When using extract, don’t exceed approximately 10 pounds for a 5-gallon batch. Non-fermentable sugars in the extract will add too much sweetness to the finished product. To make up any extra gravity, there’s no harm in using a small amount of sugar. This technique can also be used if you don’t quite hit the numbers you’re going for when brewing all grain. Add the sugar during the last five minutes of the boil to avoid caramelizing and stir frequently so that it doesn’t sink to the bottom of the pot and scorch. Due to the extra volume, boil for 90 minutes. That also provides 30 more minutes for hop additions. When timing this out, remember that anything incorporated in the first 45 minutes will significantly increase the bitterness of the beer.
Finessing the Yeast
Come yeast-pitching time, be sure you’re using a strain that will be able to tolerate the higher alcohol content you’re shooting for. This information should be available at your local homebrew supply shop. Additionally, it’s advisable to use two packets of yeast. The average yeast pitch has about 100 billion cells. According to yeast companies, this is sufficient for a 5-gallon batch with a starting gravity of 1.050, however, anything below 1.060 should lead to good fermentation.
The biggest problem with brewing higher-gravity beers is the yeast not doing its job. Make sure you help create a wort that’s the perfect, cozy home for those little yeasties to thrive and get to work. After your boil is complete, chill it quickly by using an ice bath or a chiller to avoid the production of dimethyl sulfide (DMS), a common off-flavor that can resemble the taste of cooked vegetables. It’s also important to ensure the yeast is the same temperature as the wort. Too much of a difference will cause the yeast cells to rupture. Take your yeast out of the refrigerator and allow it to warm up to room temperature. Before pitching, introduce oxygen to the wort to help get the yeast started.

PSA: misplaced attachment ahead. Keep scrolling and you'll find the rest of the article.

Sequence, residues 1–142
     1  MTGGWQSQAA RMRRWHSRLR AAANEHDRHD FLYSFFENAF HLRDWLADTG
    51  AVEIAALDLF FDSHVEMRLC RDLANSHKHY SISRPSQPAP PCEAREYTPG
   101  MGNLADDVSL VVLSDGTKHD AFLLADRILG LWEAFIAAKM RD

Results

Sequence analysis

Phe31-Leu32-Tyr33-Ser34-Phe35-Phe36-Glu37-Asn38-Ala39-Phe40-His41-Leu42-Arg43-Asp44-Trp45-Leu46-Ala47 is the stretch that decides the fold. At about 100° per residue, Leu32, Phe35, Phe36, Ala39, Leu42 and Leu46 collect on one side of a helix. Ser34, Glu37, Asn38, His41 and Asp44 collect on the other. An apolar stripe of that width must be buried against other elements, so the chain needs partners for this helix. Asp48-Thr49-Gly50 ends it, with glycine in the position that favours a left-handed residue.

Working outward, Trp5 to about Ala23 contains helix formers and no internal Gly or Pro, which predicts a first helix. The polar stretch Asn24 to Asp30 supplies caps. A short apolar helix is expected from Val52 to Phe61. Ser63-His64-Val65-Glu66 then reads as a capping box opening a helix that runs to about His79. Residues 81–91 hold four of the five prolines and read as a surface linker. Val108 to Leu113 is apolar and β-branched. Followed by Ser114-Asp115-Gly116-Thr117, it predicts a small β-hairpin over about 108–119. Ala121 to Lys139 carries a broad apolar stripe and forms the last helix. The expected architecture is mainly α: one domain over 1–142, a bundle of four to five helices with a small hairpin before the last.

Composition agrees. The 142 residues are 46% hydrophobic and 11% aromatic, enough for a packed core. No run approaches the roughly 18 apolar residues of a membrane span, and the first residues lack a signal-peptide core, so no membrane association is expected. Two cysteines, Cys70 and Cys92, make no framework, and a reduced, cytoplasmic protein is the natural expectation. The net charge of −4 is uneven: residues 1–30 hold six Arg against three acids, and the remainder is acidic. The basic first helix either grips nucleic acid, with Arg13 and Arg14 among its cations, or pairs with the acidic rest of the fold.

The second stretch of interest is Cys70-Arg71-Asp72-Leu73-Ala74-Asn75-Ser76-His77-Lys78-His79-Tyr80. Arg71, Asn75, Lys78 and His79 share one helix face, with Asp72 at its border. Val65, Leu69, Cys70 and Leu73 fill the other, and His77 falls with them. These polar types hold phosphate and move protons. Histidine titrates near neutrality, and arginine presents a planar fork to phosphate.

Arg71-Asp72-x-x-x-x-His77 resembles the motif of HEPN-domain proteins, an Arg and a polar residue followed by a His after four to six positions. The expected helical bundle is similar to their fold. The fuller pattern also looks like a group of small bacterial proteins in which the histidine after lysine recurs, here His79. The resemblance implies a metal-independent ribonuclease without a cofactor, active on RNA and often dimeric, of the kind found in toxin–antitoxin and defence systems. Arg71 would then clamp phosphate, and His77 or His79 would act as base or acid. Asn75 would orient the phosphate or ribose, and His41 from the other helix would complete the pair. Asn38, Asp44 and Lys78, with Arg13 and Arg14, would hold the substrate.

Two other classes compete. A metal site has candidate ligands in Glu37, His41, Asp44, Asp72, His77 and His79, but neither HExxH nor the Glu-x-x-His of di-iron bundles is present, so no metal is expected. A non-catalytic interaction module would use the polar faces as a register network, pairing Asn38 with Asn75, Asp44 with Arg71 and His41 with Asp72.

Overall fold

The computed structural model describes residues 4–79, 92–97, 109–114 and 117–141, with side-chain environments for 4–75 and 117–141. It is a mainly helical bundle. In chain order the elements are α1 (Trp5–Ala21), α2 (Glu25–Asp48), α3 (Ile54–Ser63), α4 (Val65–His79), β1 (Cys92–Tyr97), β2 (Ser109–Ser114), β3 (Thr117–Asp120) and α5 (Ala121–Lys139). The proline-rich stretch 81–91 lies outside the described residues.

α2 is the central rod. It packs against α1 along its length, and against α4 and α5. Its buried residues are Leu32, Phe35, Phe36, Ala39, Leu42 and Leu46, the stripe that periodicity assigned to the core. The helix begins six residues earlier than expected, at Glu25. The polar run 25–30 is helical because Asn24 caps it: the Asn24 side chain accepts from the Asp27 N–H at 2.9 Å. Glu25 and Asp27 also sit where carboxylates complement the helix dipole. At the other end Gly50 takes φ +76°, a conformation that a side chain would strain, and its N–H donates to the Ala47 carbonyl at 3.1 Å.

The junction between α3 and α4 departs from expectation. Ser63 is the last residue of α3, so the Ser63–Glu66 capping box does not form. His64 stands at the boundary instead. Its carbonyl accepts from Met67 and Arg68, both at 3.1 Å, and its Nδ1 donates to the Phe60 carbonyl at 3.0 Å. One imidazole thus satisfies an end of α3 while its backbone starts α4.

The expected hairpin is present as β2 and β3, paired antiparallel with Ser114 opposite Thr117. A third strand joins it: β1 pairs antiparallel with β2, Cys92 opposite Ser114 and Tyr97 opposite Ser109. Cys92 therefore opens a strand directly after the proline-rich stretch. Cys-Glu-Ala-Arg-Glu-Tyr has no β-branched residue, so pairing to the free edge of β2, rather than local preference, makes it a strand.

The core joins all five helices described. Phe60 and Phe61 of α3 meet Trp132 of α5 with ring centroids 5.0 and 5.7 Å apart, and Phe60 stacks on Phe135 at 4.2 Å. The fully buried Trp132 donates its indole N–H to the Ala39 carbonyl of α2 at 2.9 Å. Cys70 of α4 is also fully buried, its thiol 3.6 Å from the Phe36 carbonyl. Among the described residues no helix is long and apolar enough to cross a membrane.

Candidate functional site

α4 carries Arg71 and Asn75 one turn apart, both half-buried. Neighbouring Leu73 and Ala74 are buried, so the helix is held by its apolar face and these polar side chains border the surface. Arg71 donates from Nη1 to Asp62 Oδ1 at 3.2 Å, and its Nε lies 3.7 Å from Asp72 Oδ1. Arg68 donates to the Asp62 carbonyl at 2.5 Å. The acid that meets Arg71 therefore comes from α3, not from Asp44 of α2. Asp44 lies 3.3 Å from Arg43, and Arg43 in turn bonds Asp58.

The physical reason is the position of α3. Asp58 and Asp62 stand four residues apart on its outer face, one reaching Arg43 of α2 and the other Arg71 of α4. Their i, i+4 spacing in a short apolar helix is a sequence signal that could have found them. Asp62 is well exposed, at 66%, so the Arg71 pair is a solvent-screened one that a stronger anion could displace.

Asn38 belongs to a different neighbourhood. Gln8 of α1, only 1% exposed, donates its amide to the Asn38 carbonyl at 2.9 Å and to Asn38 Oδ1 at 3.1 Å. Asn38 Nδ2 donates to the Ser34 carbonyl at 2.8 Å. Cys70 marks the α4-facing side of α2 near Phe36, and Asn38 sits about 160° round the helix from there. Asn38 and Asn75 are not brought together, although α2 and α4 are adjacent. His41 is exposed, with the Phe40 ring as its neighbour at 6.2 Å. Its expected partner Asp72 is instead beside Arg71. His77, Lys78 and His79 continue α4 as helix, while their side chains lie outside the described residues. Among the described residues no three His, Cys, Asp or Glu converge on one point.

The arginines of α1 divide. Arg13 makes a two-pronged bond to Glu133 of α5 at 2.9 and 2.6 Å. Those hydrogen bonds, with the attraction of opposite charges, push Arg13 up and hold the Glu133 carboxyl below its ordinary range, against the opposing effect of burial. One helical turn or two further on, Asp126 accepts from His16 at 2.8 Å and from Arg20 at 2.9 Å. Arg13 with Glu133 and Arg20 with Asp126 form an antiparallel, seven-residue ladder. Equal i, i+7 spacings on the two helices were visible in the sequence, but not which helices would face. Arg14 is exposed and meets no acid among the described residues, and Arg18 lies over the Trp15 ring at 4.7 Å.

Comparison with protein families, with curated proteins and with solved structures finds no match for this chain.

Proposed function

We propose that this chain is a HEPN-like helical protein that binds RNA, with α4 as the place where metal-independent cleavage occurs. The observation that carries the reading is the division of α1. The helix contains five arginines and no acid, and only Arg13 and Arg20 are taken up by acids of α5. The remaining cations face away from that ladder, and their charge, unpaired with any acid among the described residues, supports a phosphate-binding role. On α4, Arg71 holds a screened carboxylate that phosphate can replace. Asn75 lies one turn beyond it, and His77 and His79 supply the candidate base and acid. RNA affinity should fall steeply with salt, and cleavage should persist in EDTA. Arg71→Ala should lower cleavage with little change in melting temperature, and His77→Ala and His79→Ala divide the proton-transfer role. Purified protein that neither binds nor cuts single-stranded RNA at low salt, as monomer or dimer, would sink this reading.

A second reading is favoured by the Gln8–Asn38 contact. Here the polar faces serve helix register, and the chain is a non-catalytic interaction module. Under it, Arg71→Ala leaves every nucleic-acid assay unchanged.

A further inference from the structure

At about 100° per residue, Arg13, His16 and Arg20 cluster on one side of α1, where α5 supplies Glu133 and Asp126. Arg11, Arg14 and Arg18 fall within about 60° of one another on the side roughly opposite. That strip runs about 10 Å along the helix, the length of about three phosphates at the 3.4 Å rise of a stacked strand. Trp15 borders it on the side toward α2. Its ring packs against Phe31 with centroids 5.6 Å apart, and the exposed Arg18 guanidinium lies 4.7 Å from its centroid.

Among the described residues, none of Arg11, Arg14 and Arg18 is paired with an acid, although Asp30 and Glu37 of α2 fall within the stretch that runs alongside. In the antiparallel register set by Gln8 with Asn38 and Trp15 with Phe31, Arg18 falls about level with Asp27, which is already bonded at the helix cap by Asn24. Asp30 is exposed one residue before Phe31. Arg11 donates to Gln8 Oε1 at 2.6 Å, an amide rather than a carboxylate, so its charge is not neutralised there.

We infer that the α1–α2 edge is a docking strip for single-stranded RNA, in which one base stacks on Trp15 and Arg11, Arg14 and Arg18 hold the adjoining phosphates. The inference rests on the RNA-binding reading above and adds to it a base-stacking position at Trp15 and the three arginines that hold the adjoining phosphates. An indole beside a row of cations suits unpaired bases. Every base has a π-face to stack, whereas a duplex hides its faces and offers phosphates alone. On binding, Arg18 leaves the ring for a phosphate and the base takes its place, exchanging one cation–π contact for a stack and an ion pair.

Shaking the fermenter is adequate, but if you’re feeling adventurous, you can purchase an oxygenation assembly system that injects oxygen into the wort as it travels into the fermenter. You’ll also need a bottle of oxygen, which can be found at some hardware stores. Take care to not go overboard when adding oxygen.
Even after giving the yeast a fighting chance, it won’t always perform. In the event of stuck fermentation, when the yeast has gone dormant, there are still a few options. Adding more yeast to the fermenter is the quickest and easiest fix. However, the best time to do this would be before the wort has fermented at all because a later introduction could create off-flavors. If fermentation has gotten underway and then come to a halt, transfer the beer from the primary fermenter to a secondary. This will rouse some of the yeast and get the beer away from the dead yeast and protein.
Don’t focus solely on the activity in the air lock because many things can make it bubble. The only way to know whether fermenting has stopped prematurely or finished the way you’d planned is by taking a gravity reading. Even if you didn’t hit the numbers you’d hoped, the test of the tongue is, perhaps, most important. Only you can decided if your method needs adjustment or if you’re on the way to brewing an award-winning double IPA.
Jake's Wedding Imperial IPA [AG]
Jake's Wedding Imperial IPA [Extract]